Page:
You might as well line up the Oscars right now. Cinderella Man, the latest teaming of prestige-baiting director Ron Howard, actor Russell Crowe, producer Brian Grazer and writer Akiva Goldsman, hits all the right notes to get Academy voters' hearts aflutter and make mainstream audiences swoon. It does so in a completely bland, predictable and uninteresting way, but Howard and his cohorts know exactly how to push the right buttons and hide their flaws under such a glossy sheen that only a hardened cynic will come away from the film unmoved.
I'm that cynic, as I find each of Howard's "inspiring true story" tearjerkers successively less and less inspiring. Cinderella Man, like Howard's Apollo 13 and A Beautiful Mind, takes a real-life triumph over adversity and polishes it until it shines, in the process straining out anything but the most predictable and manipulative elements. In that sense, Howard plays his audience like a violin and succeeds masterfully at what he sets out to do. From the moment we first see boxer Jim Braddock (Crowe), we root for him. A few years before the Great Depression, Braddock is an up-and-coming boxer from New Jersey, considered a good prospect for a long career. He's got a nice, little house in the suburbs with his wife, Mae (Renée Zellweger), and three kids, and things are swell.
Of course, you don't have to know anything about Braddock's life to know that when the big stock-market crash of 1929 hits, things aren't going to be so swell anymore. Not only does Braddock lose money like everyone else in the country, but he also suffers a series of injuries that effectively end his boxing career. Within a few years, he's living in a run-down room with his family, trying to make ends meet working down at the docks. When his old manager (Paul Giamatti) gives him a chance for one last fight, he seizes the chance but doesn't expect anything other than a final farewell to the ring.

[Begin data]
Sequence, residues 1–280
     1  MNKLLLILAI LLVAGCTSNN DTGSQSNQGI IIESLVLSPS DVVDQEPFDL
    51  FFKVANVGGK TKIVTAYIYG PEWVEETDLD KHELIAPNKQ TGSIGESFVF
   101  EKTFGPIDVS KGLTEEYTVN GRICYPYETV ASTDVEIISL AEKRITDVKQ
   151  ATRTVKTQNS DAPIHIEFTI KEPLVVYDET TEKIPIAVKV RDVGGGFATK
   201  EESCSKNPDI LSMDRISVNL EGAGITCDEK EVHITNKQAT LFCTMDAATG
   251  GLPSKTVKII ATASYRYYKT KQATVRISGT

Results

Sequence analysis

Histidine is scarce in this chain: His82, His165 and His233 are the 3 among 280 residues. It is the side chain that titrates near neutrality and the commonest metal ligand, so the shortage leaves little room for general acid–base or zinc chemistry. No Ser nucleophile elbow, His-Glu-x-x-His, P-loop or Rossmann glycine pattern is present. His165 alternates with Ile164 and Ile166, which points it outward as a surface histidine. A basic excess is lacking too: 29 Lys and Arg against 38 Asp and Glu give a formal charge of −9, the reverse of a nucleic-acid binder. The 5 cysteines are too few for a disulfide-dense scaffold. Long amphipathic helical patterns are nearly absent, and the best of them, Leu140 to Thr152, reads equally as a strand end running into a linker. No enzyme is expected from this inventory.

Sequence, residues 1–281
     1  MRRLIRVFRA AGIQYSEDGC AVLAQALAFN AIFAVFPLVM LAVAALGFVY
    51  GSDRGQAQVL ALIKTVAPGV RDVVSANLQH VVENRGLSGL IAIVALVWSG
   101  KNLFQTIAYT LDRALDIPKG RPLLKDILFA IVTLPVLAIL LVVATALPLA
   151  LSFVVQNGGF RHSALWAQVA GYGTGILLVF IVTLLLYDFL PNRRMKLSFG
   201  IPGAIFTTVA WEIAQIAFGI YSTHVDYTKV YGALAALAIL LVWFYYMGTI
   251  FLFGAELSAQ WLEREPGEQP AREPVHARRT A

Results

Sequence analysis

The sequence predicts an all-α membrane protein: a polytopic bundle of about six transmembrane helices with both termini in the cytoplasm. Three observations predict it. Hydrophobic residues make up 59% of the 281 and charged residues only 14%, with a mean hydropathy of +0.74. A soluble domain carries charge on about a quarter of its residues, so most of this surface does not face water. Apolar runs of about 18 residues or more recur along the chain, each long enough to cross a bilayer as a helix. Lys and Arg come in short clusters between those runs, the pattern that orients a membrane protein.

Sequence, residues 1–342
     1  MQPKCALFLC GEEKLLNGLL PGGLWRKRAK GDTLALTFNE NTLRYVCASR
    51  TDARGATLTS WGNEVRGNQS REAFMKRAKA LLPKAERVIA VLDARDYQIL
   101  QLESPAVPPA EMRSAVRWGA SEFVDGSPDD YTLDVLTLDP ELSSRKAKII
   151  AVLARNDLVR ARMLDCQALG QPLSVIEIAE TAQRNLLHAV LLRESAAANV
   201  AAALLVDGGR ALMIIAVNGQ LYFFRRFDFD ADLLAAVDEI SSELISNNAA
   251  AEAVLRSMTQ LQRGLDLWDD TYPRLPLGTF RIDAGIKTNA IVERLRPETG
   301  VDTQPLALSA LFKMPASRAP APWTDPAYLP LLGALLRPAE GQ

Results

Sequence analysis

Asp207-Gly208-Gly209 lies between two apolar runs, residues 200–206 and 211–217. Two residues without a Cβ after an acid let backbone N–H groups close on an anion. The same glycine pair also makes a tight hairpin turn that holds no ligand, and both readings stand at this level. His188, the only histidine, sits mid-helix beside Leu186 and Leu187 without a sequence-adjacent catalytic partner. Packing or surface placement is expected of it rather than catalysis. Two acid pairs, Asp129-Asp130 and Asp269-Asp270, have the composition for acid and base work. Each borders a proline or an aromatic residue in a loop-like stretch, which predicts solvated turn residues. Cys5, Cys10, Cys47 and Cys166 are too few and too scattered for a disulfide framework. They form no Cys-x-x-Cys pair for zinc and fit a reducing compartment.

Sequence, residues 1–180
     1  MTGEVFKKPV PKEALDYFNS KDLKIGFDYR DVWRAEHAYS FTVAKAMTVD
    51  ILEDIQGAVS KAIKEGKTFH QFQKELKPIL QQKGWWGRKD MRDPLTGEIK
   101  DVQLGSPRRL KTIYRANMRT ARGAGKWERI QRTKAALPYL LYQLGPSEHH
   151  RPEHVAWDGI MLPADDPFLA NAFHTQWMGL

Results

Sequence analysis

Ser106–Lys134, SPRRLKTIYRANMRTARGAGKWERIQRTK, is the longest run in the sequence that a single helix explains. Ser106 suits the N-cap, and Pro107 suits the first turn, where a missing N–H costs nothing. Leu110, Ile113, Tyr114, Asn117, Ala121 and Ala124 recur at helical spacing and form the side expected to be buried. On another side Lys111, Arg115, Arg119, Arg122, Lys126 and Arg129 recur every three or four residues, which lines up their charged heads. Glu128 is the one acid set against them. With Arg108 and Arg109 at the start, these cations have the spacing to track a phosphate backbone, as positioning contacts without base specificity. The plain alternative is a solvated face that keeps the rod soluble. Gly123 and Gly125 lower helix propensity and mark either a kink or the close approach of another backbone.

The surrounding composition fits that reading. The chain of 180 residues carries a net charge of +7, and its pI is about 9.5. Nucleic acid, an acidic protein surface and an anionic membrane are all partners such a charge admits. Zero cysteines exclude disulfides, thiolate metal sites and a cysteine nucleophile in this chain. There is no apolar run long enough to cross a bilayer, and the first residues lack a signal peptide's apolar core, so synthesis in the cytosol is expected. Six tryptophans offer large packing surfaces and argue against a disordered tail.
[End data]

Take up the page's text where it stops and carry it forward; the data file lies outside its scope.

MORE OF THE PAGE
What he gets, however, is a surprise victory and a chance to return to boxing. A series of improbable triumphs lead him to the opportunity to battle for the heavyweight championship against a brutal, heavily favored opponent (Craig Bierko), years after the boxing community essentially gave up on him. It's an uplifting story, one of the better-known tales in the sports world, and Howard handles it exactly as you'd expect. Like Seabiscuit, Cinderella Man ties its hero's sports success to the country's hopes of coming out of the Depression, and like Seabiscuit, is guilty of gross oversimplification. It's not as schmaltzy as Gary Ross' treacly, endless horse-racing film, though, and thankfully doesn't oversell the tenuous Depression metaphor.
Instead, it oversells the metaphor of Braddock's victories healing his broken family, which is nearly as sappy and disingenuous. Howard's domestic scenes are trite and obvious, with Zellweger emoting in a bland, underwritten role. When he gets in the ring, though, Howard comes alive, and unencumbered by clumsy storytelling, he's able to effectively convey the visceral excitement of the matches, turning in some of the best, most immediate boxing scenes in recent cinema. He seems unsure of his ability to convey enough emotion with the boxing alone, however, throwing in unnecessary and heavy-handed flashbacks to Braddock's tough home life, as if we've forgotten in the last minute why the fighter is working so hard to win.
As in A Beautiful Mind, Crowe's performance elevates the film above its hackneyed script and Howard's ham-handed direction. His Braddock is subdued, even shy at times, but never more alive than when he's in the ring. Crowe nails the Jersey accent and guarded emotions of a working-class hero who doesn't know how to handle his sudden fame. Giamatti, who's risen to acclaim in prickly roles in unconventional indie films, takes an easy route here as Braddock's wisecracking coach, but he's a warm, entertaining presence on the screen, nonetheless.
For undemanding viewers, Cinderella Man will be as much of a pleasure as any of Howard's other award-baiting films. But its charms are skin-deep and rote, technically proficient and signifying very little. Just because Howard had the budget to re-create Depression-era locations doesn't mean he's evoked anything other than a rosy-colored (or sepia-toned, as the cinematography demonstrates) view of the time, a little more dramatically moving but no more honest than the manipulative and faux-prestigious Seabiscuit.